Insurers will often themselves conduct the defence and/or instruct solicitors to do so but the conduct and cooperation of the insured is always important in how the claim is dealt with and resolved. The identity of the person who deals with the claim within the insured can depend on its internal organisation and resources but in larger firms a designated PI partner is often appointed and will be the main point of contact. The solicitor whose work is involved will have to assist with information but it is often better (as the guidance might perhaps have said) if someone independent, ideally a senior person, manages the claim internally. They are less close to the problem and better able to deal with it objectively and commercially.

Gathering information

If a claim is made or likely, immediate steps should be taken to locate and preserve all relevant papers and evidence. A client is likely to request the files and will generally be entitled to the bulk of the papers. Where the claimant is not a client, care is needed because of privilege and confidentiality. Copies should be made of any original documents provided to the claimant (it is surprising how often in practice this is not done). Further, it can be sensible to obtain witness evidence at an early stage, particularly from employees, whose assistance it can be difficult to secure if they leave.

Internal review of the claim

A proactive defence can be greatly assisted if a full report is prepared by the insured when the likelihood of a claim arises; and some firms do this as a matter of course. The insured will, in any event, be obliged to cooperate. The original solicitor may provide the initial information, but it is sensible for it to be reviewed by an independent person with access to the relevant documents. Such internal reviews will attract litigation privilege if, as is usual, litigation is reasonably in prospect.

Pre-action protocol

The guidance rightly identifies this as a major practical development. Because of the protocol (in force since July 2001) it is now unusual for a claimant to sue without first explaining its claim, though this does still happen. Any protocol Letter of Claim should be forwarded promptly to insurers as delay can put the defence on the back foot from the outset. If either claimant or defendant fails to comply with the protocol they can be penalised in costs (although this has not happened much in our experience). If a Letter of Claim does not comply with the protocol further information may need to be sought before a full response can be made. If a claim is clearly ill-founded it can be better to postpone detailed work until the claimant issues proceedings as they can then be struck out and costs recovered, whereas they cannot if a protocol claim is made and then abandoned. Difficult tactical issues can arise and there is often a need to balance sufficient investigation of the claim to be able to fend it off at protocol stage against the prospect that the costs involved will not be recovered if the claimant does give up without suing.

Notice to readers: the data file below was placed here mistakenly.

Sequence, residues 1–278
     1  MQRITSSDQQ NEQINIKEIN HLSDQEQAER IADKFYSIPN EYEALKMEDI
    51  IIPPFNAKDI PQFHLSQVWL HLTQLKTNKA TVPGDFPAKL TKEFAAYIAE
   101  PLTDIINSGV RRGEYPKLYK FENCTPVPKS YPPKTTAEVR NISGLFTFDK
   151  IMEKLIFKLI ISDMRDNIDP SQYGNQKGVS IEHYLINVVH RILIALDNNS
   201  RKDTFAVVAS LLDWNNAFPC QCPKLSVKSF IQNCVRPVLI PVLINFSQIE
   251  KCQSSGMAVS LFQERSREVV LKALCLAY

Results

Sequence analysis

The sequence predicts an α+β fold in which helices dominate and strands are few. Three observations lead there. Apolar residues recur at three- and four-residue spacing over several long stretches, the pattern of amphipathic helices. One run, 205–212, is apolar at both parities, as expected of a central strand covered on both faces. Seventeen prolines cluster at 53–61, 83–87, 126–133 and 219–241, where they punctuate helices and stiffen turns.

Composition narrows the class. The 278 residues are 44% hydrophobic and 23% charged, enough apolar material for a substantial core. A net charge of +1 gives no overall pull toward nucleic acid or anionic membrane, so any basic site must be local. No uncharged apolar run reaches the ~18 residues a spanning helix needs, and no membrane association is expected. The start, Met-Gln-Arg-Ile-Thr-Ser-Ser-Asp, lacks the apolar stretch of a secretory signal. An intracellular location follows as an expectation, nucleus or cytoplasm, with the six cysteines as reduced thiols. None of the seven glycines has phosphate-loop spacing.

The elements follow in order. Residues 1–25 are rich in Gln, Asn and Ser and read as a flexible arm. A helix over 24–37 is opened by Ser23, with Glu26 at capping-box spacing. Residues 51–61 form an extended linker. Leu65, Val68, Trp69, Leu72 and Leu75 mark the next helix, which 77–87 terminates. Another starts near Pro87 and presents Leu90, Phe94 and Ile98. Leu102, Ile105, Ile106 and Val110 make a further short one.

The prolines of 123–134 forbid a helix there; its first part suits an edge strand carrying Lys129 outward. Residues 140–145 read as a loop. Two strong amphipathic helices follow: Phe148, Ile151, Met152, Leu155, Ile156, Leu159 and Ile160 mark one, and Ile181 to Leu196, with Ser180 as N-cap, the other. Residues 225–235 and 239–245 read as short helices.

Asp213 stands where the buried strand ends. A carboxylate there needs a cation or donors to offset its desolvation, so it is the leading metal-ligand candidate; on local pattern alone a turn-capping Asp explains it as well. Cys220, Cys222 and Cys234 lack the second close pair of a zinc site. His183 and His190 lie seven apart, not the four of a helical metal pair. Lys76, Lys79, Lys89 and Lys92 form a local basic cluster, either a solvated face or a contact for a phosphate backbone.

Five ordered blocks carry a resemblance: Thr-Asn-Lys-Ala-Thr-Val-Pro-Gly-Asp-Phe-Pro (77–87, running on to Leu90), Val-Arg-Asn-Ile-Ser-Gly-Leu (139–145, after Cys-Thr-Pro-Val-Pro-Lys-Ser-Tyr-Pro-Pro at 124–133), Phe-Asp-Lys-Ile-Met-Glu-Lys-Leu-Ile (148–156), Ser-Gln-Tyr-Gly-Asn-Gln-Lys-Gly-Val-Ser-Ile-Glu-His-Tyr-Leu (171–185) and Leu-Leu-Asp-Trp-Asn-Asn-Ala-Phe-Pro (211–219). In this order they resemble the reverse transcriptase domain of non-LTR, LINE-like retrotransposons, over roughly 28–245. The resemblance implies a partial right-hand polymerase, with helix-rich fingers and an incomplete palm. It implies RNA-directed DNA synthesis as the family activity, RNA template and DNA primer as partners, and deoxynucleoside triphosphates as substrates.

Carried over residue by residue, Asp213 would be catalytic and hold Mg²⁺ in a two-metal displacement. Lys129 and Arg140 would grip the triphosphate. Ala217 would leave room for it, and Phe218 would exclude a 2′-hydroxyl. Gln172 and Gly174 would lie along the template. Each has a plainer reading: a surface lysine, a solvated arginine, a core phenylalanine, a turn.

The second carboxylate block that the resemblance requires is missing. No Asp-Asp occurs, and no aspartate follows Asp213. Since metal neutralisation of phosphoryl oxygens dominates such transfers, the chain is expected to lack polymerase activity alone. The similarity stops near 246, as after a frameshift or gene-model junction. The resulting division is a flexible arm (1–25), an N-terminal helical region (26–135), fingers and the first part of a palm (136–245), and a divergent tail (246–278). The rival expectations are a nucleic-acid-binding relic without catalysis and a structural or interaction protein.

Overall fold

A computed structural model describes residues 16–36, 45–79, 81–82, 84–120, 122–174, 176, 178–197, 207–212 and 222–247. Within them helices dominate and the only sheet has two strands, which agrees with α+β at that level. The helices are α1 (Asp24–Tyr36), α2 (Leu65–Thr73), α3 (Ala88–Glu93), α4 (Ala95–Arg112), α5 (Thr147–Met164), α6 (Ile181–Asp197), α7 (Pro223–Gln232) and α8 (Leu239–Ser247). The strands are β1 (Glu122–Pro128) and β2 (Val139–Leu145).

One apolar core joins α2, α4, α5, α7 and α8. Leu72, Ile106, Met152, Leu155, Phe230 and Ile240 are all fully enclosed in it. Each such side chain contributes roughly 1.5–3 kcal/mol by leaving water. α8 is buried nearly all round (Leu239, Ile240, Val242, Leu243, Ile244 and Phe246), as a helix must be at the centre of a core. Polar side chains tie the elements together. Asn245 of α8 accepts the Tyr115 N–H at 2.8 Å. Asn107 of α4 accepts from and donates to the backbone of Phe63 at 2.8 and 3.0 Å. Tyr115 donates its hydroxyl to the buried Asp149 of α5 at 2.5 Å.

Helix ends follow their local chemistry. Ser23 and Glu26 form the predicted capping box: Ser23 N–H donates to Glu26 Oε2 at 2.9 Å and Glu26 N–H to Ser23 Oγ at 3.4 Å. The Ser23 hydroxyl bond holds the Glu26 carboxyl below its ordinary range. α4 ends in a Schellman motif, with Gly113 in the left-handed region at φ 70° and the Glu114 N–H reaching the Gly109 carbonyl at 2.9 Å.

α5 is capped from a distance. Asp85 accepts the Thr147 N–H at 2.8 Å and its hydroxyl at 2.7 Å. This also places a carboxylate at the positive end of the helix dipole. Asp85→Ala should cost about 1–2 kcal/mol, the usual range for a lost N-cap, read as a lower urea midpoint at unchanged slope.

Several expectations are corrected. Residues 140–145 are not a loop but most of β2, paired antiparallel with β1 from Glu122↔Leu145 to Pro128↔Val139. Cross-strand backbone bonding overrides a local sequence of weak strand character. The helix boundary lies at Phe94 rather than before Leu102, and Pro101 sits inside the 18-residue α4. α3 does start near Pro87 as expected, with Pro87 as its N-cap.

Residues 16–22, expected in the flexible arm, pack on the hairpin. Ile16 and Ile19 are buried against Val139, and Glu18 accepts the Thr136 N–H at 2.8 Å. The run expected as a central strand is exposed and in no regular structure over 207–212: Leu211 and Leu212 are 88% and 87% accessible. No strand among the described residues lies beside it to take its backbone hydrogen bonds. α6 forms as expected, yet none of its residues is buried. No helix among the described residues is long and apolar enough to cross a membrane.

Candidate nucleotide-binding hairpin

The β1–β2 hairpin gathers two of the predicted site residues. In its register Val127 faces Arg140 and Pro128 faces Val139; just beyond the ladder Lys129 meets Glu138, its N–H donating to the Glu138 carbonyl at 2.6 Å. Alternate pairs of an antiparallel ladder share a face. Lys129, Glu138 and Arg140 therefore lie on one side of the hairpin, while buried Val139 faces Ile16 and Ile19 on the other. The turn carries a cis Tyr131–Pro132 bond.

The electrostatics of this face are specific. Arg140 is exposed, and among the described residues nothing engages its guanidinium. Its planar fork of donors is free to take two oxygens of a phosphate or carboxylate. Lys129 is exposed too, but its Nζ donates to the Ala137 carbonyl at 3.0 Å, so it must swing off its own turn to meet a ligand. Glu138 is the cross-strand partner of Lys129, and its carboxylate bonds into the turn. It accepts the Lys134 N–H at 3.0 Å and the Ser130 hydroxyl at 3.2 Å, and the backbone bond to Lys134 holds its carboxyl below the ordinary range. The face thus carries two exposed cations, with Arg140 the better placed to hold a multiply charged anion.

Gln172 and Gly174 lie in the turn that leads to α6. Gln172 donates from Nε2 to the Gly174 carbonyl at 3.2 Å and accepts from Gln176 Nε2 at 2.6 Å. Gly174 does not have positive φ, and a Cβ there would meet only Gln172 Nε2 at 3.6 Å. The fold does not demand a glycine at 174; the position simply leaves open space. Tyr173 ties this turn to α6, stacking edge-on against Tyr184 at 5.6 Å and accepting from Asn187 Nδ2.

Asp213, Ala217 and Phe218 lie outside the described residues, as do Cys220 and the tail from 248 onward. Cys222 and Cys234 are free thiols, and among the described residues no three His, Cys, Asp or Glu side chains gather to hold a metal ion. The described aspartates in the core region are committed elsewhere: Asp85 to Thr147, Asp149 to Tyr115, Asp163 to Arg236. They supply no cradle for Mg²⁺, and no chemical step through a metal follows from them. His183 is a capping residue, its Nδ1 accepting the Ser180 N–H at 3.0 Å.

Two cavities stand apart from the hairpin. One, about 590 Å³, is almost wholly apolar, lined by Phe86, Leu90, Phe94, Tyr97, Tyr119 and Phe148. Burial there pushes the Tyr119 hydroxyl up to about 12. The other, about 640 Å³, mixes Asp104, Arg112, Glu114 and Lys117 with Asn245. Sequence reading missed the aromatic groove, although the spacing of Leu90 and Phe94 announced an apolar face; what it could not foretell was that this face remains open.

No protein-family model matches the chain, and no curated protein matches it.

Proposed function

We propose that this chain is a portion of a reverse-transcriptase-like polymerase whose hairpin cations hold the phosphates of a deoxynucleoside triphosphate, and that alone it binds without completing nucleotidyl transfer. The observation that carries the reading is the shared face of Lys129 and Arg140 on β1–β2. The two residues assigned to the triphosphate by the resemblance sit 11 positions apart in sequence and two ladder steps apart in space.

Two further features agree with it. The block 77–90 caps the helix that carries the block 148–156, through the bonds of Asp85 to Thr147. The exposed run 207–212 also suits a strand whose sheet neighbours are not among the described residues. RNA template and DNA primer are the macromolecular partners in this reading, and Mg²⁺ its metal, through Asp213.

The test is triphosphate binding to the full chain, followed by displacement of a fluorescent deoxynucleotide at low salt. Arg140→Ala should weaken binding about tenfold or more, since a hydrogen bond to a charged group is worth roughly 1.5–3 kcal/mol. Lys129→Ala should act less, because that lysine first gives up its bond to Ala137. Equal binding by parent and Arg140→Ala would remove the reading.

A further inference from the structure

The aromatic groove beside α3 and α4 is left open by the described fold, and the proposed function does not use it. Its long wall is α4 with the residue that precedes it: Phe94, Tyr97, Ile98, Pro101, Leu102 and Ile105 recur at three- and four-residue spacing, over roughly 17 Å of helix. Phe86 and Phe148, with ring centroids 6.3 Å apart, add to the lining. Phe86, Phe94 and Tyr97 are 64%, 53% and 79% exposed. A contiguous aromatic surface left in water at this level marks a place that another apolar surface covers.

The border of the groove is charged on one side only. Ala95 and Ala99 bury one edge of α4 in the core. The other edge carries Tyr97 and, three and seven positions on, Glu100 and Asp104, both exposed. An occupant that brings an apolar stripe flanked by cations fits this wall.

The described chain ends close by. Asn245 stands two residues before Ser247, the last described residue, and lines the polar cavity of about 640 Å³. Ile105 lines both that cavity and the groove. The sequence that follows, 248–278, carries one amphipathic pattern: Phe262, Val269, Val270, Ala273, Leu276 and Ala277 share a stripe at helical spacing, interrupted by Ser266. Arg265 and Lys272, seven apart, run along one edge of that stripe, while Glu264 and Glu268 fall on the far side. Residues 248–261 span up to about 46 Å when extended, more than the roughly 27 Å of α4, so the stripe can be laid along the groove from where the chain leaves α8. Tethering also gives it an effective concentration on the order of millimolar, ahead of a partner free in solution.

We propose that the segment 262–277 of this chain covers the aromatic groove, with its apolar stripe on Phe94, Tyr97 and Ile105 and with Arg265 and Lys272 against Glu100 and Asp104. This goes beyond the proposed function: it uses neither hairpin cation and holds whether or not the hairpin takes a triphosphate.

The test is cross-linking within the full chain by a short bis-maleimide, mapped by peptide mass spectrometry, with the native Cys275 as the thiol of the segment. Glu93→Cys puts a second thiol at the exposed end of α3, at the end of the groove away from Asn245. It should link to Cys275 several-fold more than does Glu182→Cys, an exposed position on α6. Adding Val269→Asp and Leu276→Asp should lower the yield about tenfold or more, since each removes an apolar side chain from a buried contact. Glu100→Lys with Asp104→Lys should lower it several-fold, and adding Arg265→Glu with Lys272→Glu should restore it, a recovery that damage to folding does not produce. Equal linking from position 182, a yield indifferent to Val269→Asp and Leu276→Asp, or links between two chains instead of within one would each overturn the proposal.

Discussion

Commercial considerations

The preferred strategy for handling a claim will partly depend on any continuing relationship with the claimant, the prospect of ongoing work, and the lost fee-earning time which will inevitably have to be spent on the claim. Such factors are usually of more concern to the insured than insurers and can cause a divergence of views on how to deal with the claim, but it is helpful if they are in the open from the outset so that everyone on the defence side can work together to agree the right approach. No Law Society guidance could be a substitute for experience in these situations, but the recent guidelines are a timely reminder at least of the relevant solicitors’ conduct issues.

A version of this article was previously published in Legal Week Magazine.

The content of this article does not constitute legal advice and should not be relied on in that way. Specific advice should be sought about your specific circumstances.